Allen is responsible for all local leasing activities at malls owned or managed by Simon. He is accountable for overseeing the targeting and developing of new local tenants as well as the use of carts and temporary kiosks in the center’s common areas. He is tasked with maximizing interim leasing of vacant inline store space and developing unique retail and new service concepts for the center environment.
Allen’s career at Simon began in 1994 when Karen Corsaro, then EVP of Marketing, convinced him to join Simon Property Group. “I will forever be indebted to her for giving me my start,” Allen says. From there, property management took responsibility for the temporary leasing business. Allen and Corsaro grew the business into a dual function of marketing and leasing management. Allen is the first to say he did not invent the idea for specialty retail at Simon, but he was certainly responsible for its growth. Allen grew the staff from 12 to 80 local leasing representatives and the cart program from a few hundred carts in 1994 to 3,485 units in 2011.
Prior to joining SPG, Allen was a leasing agent at the Taubman Company from 1990 to 1994. There, he was instrumental in introducing common area cart programs in Taubman centers and oversaw and worked with Sales Dynamics Inc, a consulting firm (set up by Robert Norins, another Hall of Fame Lifetime Achievement Award winner) that developed, leased and managed cart programs for developers for a fee. He also spent four years with The May Centers where he developed and managed the temporary leasing program, then an outgrowth of the marketing department. “Back then, I would order six carts and we thought that was the ‘cat’s pajamas’!” he says.
In 1974, Jim was a relative newcomer to the shopping center real estate business. A self prescribed “pocket-protector nerd,” he began his career at Hallmark Cards and Drawing Board Greeting Cards after graduating from Illinois State University with a Bachelor of Arts in psychology and sociology.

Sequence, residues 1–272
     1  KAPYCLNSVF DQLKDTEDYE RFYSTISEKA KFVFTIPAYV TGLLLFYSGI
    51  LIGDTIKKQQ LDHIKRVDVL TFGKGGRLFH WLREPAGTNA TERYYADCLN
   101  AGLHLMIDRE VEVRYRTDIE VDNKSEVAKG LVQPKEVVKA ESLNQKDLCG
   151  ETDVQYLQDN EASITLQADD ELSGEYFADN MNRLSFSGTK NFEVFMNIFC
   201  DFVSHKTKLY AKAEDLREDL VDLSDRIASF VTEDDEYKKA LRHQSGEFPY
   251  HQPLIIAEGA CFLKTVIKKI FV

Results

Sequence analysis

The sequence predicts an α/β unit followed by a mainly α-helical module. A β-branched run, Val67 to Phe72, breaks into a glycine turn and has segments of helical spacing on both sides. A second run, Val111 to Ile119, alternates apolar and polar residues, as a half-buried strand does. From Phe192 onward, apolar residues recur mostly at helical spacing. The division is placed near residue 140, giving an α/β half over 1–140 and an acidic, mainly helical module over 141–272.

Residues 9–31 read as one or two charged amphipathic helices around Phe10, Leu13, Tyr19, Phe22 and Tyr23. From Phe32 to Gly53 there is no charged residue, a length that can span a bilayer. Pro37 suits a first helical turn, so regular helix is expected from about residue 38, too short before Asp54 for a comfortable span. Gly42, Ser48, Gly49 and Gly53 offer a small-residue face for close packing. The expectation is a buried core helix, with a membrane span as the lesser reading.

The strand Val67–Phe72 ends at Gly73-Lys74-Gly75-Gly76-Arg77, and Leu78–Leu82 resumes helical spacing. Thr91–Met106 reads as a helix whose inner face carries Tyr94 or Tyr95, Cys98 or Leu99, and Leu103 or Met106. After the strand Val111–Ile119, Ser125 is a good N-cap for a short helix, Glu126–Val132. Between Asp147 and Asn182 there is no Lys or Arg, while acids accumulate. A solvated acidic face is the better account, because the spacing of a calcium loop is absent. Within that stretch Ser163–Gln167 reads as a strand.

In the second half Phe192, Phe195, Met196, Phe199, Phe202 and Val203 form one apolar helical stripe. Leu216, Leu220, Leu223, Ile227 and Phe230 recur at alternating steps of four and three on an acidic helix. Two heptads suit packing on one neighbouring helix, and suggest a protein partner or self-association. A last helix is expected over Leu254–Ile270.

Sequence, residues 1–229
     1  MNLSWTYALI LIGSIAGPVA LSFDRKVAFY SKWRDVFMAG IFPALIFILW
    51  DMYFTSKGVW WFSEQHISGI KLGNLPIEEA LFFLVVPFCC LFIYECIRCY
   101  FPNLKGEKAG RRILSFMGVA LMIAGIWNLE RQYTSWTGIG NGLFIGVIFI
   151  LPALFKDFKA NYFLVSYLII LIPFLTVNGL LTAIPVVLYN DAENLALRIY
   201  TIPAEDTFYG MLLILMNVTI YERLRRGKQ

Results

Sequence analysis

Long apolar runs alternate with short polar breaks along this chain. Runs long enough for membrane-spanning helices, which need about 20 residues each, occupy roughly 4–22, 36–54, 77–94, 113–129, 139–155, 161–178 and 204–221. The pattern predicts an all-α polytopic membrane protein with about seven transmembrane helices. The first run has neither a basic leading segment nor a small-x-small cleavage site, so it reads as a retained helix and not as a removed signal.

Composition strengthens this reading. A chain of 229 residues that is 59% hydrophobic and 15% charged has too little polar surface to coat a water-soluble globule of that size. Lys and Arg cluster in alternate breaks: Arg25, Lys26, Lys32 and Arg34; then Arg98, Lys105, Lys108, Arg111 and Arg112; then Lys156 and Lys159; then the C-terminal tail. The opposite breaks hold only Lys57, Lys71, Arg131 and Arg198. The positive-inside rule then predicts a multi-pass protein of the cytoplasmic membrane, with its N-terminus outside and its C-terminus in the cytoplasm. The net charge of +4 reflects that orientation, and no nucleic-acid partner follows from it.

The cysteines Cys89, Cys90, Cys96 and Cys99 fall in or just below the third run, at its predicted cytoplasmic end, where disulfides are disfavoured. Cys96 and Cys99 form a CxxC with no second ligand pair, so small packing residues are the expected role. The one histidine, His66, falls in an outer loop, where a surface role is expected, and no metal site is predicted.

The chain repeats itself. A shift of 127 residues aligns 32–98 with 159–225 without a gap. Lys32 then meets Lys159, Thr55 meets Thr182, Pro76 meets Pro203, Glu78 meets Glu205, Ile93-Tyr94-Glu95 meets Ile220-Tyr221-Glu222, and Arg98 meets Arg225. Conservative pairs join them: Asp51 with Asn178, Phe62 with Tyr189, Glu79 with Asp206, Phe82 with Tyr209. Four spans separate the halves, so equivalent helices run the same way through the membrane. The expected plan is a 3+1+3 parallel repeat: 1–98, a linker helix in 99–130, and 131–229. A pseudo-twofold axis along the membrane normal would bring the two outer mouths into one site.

After being diagnosed with lung cancer, Allen created a blog for his family and friends. He recently celebrated his fourth year since his diagnosis and wrote, “Per the American Cancer Society, 75% of those diagnosed with Stage IV Lung Cancer die within 2 years. But, I am still here! I have had a couple periods of remission—one 18 months and one 9 months. Despite the challenges of the past four years, I look forward to being around for quite a bit more time. I’m grateful for the small things. Life—it’s a journey.”
Allen, like everything he does, has put his heart and soul into staying well. During these past few years, he has sought out the best medical care possible. He takes risks, just like the business risks he’s familiar with, as cancer doctors offer the most obscure “cancer drug cocktails” to prolong his life. In life, and in business, Allen has always been a fighter.
Outstanding Specialty Retailer
James Gilland, president of Tricked Out Accessories, earns the prestigious “Outstanding Retailer of the Year” title.
It takes dedication, sharp business skills, and talent to be inducted into the Specialty Retail Hall of Fame. Just ask James Gilland, president of Tricked Out Accessories—a company that specializes in accessories for cell phones and hand held devices.
Gilland, who was inducted into the Hall of Fame as “Outstanding Retailer of the Year,” exhibits unrivaled leadership skills and professionalism. Renowned for his positive attitude, uncompromising work ethic and in-depth understanding of operating a customer-focused business, Gilland certainly has what it takes to soar to the top.
Gilland’s successful rise can be tracked from Midland, Texas to Utah and Hawaii. After temporarily dropping out of high school, he worked as a telemarketer at a photography studio. His sales abilities soon got him promoted to manager. With some work experience and management skills behind him, he went on to work as a sales representative for a national jewelry company. A two-year stint teaching Spanish for his church then brought him to New Jersey.
Upon returning home to Utah in 2001, the mobile phone industry was taking flight. At that time Gilland worked in management for a mobile accessory company. It was there that he began developing a vision of a “new and improved” company that would focus on product selection. This creative vision later materialized into Tricked Out Accessories, which got its name from a record label Gilland liked.